Dismiss Notice
Join Physics Forums Today!
The friendliest, high quality science and math community on the planet! Everyone who loves science is here!

If a train is moving 5mph?

  1. May 24, 2007 #1
    OK This maybe a dumb question but we have some debate on this question here at my work. No one here is a physic pro. :) Here's the question.

    If a train is moving at 5mph and you are moving tward the back of the train at 2 mph. How fast are you going?

    Now I think the answere is 2 mph do to the way it's worded. But how can you not count the speed in wich the trian is going? If your on a train that is going 5 mph aren't you also going 5mph?

    Thanks to anyone that can help explain this. :rofl:
     
  2. jcsd
  3. May 24, 2007 #2

    Doc Al

    User Avatar

    Staff: Mentor

    A speed must always be with respect to something to have any meaning. One might assume that the train is moving 5mph with respect to the track. If you move towards the back of the train at 2mph with respect to the train, then to find your speed with respect to the track you would add the speeds like so: +5mph -2mph = +3mph. (Your speed with respect to the train is negative since you are moving towards the back.)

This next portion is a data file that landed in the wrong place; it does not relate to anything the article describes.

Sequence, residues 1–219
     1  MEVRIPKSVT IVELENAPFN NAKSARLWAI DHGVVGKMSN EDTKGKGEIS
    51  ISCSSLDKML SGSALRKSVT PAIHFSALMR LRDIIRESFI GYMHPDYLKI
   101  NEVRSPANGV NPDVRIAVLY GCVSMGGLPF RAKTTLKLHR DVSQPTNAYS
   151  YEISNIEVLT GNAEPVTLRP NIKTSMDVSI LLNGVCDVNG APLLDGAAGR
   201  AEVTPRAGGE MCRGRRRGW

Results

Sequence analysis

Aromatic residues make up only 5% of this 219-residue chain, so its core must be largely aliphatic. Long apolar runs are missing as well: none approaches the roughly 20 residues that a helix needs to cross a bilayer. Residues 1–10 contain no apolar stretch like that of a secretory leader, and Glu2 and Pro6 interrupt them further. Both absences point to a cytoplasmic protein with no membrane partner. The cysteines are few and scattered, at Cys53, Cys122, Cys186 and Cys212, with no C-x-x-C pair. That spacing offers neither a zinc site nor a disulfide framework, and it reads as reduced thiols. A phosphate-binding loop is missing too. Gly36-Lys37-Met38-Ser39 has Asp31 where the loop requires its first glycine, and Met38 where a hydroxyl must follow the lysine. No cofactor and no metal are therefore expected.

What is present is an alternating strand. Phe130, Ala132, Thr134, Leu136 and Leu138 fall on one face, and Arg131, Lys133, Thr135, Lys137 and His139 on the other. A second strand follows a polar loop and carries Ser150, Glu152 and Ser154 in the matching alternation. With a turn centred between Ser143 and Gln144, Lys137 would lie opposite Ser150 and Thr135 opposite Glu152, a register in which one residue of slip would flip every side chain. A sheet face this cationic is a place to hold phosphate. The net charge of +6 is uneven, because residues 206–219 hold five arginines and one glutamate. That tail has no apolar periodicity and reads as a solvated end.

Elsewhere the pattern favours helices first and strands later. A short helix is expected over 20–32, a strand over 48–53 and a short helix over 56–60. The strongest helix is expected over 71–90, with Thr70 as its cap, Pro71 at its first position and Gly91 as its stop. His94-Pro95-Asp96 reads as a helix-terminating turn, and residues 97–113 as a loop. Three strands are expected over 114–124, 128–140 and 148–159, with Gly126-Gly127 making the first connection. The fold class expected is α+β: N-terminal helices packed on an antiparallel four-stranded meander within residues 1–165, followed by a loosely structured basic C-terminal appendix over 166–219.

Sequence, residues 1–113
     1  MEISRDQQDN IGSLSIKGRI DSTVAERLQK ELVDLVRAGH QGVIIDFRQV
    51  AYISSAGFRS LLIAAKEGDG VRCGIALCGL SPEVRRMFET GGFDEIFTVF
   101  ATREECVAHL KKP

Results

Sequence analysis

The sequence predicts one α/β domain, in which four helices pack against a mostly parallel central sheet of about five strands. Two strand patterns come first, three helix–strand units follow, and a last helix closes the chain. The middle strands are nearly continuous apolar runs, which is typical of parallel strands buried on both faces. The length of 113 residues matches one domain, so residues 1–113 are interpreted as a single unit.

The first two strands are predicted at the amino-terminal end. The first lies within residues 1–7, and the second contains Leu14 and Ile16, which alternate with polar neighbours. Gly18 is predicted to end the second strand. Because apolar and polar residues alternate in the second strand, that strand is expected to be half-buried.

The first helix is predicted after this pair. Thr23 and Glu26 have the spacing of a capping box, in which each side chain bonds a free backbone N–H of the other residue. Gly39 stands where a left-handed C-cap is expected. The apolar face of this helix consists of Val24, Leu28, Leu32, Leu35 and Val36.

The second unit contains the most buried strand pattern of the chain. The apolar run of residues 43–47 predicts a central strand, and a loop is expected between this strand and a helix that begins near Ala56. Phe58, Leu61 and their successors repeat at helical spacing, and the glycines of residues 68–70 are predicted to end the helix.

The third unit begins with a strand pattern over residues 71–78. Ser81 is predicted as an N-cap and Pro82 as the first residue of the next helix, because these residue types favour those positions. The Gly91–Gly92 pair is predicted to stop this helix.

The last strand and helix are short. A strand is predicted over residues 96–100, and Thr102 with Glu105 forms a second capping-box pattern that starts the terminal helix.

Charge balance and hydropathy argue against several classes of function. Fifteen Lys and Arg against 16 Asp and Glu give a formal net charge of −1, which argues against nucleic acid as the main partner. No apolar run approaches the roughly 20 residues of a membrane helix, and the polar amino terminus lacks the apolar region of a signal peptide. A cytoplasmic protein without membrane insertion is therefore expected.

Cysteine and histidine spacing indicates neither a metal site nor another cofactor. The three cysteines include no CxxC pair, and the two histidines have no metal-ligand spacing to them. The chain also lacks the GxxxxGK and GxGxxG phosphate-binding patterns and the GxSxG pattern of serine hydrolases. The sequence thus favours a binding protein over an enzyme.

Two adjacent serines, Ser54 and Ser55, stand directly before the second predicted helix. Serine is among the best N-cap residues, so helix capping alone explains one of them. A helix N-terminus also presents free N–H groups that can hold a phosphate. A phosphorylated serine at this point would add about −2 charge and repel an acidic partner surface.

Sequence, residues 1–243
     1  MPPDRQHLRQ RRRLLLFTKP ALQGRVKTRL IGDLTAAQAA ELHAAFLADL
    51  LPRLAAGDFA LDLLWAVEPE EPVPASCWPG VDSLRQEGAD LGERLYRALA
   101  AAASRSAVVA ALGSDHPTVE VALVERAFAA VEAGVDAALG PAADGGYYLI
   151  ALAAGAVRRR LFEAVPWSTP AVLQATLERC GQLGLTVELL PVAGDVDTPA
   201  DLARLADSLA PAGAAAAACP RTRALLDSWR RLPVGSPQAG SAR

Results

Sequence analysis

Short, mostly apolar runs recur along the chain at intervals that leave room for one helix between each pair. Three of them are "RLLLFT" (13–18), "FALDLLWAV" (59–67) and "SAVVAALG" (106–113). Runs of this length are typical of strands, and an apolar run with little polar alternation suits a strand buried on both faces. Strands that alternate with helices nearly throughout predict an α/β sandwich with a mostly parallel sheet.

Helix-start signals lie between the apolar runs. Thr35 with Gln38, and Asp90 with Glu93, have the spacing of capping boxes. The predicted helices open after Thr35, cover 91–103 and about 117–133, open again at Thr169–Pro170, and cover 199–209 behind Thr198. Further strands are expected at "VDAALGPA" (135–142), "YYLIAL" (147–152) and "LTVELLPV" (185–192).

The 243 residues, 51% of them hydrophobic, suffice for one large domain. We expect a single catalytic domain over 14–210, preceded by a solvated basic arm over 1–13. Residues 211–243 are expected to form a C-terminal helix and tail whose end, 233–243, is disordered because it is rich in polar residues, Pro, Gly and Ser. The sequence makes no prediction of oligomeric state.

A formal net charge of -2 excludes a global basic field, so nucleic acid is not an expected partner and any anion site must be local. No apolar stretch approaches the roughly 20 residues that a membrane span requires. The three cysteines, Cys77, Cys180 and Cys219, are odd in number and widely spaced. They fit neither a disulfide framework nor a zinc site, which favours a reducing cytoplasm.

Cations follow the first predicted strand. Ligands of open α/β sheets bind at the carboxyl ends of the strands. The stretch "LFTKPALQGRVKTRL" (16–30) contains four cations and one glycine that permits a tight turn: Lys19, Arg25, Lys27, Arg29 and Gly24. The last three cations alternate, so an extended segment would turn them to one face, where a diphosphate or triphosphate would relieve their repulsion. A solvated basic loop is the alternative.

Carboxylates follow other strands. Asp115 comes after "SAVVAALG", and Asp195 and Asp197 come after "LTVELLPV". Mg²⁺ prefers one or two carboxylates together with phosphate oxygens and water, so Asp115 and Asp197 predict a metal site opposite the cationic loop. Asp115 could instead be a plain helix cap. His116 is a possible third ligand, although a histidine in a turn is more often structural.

4. May 24, 2007 #3
    there all saying the answere is 2 mph. I agree with what you said! :)
     
  5. May 24, 2007 #4
    Well, if your velocity is measured with respect to the train, then your speed would be 2mph.
     
  6. May 24, 2007 #5

    Doc Al

    User Avatar

    Staff: Mentor

    As long as you realize that "your speed" only has a meaning if you specify what you are measuring against. On a naive verbal level, the problem did say "you are moving at 2mph"-- but that's meaningless by itself. Your speed is also 0mph, 1mph, 3mph or almost anything else--depending on what you are measuring with respect to.
     
  7. May 24, 2007 #6
    So this is what people do at work....
    I wish my gas station cashier work were as challenging..
     
  8. May 24, 2007 #7
    there could be a bird flying by the train at 10 mph and say hey that guys only moving at 7 mph

    all of it depends on what you are using as a reference for the speed. ask yourself, it is going that many miles per hour... but (blank) miles per hour past what? the inside of the train? train tracks? neptune? what are you comparing it to
     
  9. May 24, 2007 #8

    jtbell

    User Avatar

    Staff: Mentor

    About 66,660 mph, of course! :biggrin:

    (with respect to the sun, that is...)

    (I say "about" because the exact value depends on the time of day, the train's latitude, and which direction it's traveling.)
     
  10. May 25, 2007 #9
    If i were a photon, you wouldn't be moving at all
     
  11. May 25, 2007 #10

    Danger

    User Avatar
    Gold Member

    I prefer to reference the centre of our local galactic cluster, in which case we're moving really damned fast.

    Not to imply that you're overweight, but that would be one hell of a diet plan.
     
Know someone interested in this topic? Share this thread via Reddit, Google+, Twitter, or Facebook

Have something to add?